November 22, 2017    


By Michael P. Norton

STATE HOUSE, BOSTON, NOV. 22, 2017…..South Coast officials and seafood industry interests were stunned by Monday’s federal decision to shut down a sector with ties to disgraced fishing magnate Carlos Rafael, a decision they say will cut into the livelihoods of fishermen during the holiday season and beyond.

“The ruling itself was unexpected,” said Andrew Saunders, a New Bedford attorney retained two months ago by Northeast Fishery Sector 9, one of 19 non-profit entities set up to manage fishing industry operations in the face of strict catch limits imposed by the federal government.

The decision stems from the fraud perpetrated by fishing magnate Carlos Rafael, but New Bedford Mayor Jon Mitchell says there’s collateral damage involved for people in the New Bedford area whose jobs are tethered to the harvesting of groundfish such as cod, flounder and haddock.

“The tying up of these vessels will deprive crew members opportunities to earn a living and it will eat into the revenue of shoreside businesses that support the industry,” Mitchell told the News Service, citing impacts on fuel and ice suppliers, net menders and settlement houses.

The decision was handed down by NOAA Regional Administrator John Bullard, a former mayor of New Bedford. In his ruling Bullard zeroed in on Rafael, who was hit with a 46-month prison sentence in September after federal prosecutors convicted him of charges associated with falsifying records to evade federal fishing quotas and smuggling business proceeds to Portugal to avoid U.S. taxation.

“NEFS 9 has failed its primary responsibility of accurately reporting and tracking its catch and has taken only minimal, insufficient steps to ensure accurate reporting and compliance with its operations plan,” Bullard wrote. “The systematic sector and vessel misreporting over a long period of time was facilitated by an internal structure and control by a single, dominant participant combined with a lack of oversight.”

The sector’s failures appear to have led to repeated annual catch overages, “some of which may be extensive,” Bullard said. He added, “These overages may be continuing this fishing year, which threatens to continue undermining the sector system and its fishing mortality and conservation controls.”

The sector could come up with a new operations plan to submit, Bullard said, but it must address “the fraudulent catch” in the sector over multiple years.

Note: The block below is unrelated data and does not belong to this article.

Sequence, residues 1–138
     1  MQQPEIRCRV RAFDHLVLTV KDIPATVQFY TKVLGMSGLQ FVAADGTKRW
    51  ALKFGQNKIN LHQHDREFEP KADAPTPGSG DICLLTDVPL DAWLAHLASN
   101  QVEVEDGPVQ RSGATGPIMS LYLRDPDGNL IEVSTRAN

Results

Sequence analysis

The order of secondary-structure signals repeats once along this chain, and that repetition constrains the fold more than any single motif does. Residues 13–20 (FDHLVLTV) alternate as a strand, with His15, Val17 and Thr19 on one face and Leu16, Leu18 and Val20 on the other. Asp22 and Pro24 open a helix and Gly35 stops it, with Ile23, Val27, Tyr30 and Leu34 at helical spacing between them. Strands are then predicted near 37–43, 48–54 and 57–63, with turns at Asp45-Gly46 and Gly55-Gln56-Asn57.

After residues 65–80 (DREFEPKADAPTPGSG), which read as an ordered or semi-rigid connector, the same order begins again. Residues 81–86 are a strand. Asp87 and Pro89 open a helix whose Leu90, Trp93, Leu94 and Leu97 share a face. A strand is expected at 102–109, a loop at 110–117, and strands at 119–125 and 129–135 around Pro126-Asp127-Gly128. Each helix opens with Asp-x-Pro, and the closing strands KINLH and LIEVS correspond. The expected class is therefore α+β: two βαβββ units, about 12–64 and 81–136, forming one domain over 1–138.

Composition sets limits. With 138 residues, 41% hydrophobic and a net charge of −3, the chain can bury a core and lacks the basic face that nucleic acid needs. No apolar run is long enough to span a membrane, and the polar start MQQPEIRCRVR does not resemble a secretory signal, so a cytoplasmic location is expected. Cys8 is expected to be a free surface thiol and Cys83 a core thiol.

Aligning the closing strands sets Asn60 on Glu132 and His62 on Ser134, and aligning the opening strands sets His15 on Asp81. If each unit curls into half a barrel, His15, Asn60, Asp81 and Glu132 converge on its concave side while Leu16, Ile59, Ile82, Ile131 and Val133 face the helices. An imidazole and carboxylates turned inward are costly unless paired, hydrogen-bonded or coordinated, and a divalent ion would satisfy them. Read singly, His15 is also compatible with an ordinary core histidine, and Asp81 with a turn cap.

Rafael’s wife, Connie, issued a statement after Bullard’s ruling.

“This Thanksgiving Week, our family wishes to express our appreciation and gratitude for the hundreds of people who have called, texted, and emailed their support during this challenging time,” Connie Rafael said. “We are hopeful that the legal system will provide this community with a meaningful opportunity to review this unexpected and unilateral decision by NOAA so that hard working families are not needlessly harmed during this Holiday Season.”

Virginia Martins, president of Sector 9, called NOAA’s ruling a “stop work order” and said it was surprising because regulators had met recently with those involved in the sector and scheduled a meeting in December to further discuss the issues.

“Based upon our good faith actions, we did not anticipate getting blindsided on this holiday week,” Martins said.

Saunders said the sector features 60 permits, including 22 that are active. NOAA ordered Sector 9 vessels to report to port Monday and Saunders said there were two vessels at sea near Provincetown at the time and they were coming back to New Bedford.

The sector was a focus of discussions with fisheries regulators at an Oct. 26 meeting in Gloucester, and Saunders said he hopes to resume talks. “The alternative is you sit at the dock and don’t do anything. You have to have a dialogue.”

In a statement, Congressman William Keating opposed a “heavy-handed approach” but NOAA but also stressed the importance of sustainable fisheries.

“It is important that we ensure proper protections for sustainable fisheries, however it is also critical that fishermen who have not been found guilty of any crimes are not punished,” said Keating, a

Democrat who represents coastal communities south of Boston. “Households across New Bedford depend on the fishing industry for their livelihoods. There are still unanswered questions about how this rule will affect the fishermen of New Bedford, however I would strongly oppose any heavy-handed approach by NOAA that would unduly affect the hardworking men and women of our community.”

Republican state Rep. Geoff Diehl of Whitman, a candidate for U.S. Senate, spoke up for both “accountability in reporting” and the fishing industry.

“It is a tragedy for New Bedford that federal regulators are prohibiting 60 permit holders from fishing until next May,” Diehl wrote on Twitter. “There needs to be a better solution than putting hundreds of New Bedford fishermen out of work as we head into the holiday season. Understanding the need for accountability in reporting within the fishing industry, I believe there should be a compromise allowing the fishing fleet to comply instead of unilaterally shutting them down over the next six months.”

Mitchell, a former federal prosecutor, said he was disappointed that NOAA has not taken the opportunity to wrap criminal and unsettled civil matters associated with Rafael into a global settlement that he said could have protected third parties and the importance of government enforcement.

Commercial fishing has over the years become more of a seasonal occupation, Mitchell said, and he’s hoping for a fresh start in 2018.

“My bigger concern is the long-term viability of the groundfish industry here in New Bedford,” he said. “I strongly believe that Carlos’ permits should remain here because if the government allows them to leave or goes ahead and revokes them then innocent third parties will be harmed.”